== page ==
Share Food Program $100,000
Silver Springs – Martin Luther School  $50,000
St. Ignatius Nursing & Rehab Center $50,000
The Greater Philadelphia Diaper Bank $25,000
The Sunday Love Project $5,000
Valley Youth House Committee, Inc. $25,000
Vetri Community Partnership $45,000
Weavers Way Community Programs $48,000
Why Not Prosper, Inc. $48,000
Women’s Resource Center of the Delaware Valley $35,000
Yardley Makefield Consolidated Emergency Unit $50,000


Julie Alleman, Chief Executive Officer of CADES

“The team at CADES sees COVID-19 for what it is, a virus that puts direct support professionals in a perilous position and threatens the very life of every individual they serve.  So our team has doubled-down on the talents that make them great: the human connection, creativity and unwavering motivation to face adversity with an ‘anything is possible’ attitude that is the life-force of CADES.”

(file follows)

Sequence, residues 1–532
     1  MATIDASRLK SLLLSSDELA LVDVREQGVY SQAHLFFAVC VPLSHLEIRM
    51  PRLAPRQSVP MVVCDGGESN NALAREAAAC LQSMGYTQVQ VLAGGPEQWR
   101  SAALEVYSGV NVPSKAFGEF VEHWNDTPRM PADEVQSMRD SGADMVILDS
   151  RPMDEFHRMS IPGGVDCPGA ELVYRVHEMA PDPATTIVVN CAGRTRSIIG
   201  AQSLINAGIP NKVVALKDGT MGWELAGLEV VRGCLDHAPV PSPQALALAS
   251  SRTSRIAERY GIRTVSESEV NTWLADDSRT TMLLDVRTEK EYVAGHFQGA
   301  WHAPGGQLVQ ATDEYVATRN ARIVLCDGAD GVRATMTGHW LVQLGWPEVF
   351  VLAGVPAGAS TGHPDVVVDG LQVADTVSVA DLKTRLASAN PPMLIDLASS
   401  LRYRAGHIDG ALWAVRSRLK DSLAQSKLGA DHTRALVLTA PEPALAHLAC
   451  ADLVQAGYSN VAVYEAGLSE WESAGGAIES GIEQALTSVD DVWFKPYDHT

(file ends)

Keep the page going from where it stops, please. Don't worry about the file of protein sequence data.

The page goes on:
Carrie Kitchen-Santiago, Executive Director of Cathedral Kitchen 

“The funds will help sustain our food outreach to individuals and families who are struggling with poverty and food insecurity in Camden and the surrounding communities. Due to the pandemic, the Kitchen has had to suspend meals and social services in our dining room and instead serve to-go meals from our front doors. Because of this, suspension of our volunteer program, and the temporary closing of our CK Cafe and catering – all due to the need for social distancing – we have lost revenue as well as incurred additional costs. For example, we have had to hire additional staff and purchase to-go containers, bottled water and hand wipes for each of the 300 or more guests we serve per day, six days per week. The grant will help cover these unexpected costs, enabling us to continue to serve an average of 1,700 meals per week to adults, seniors and children.”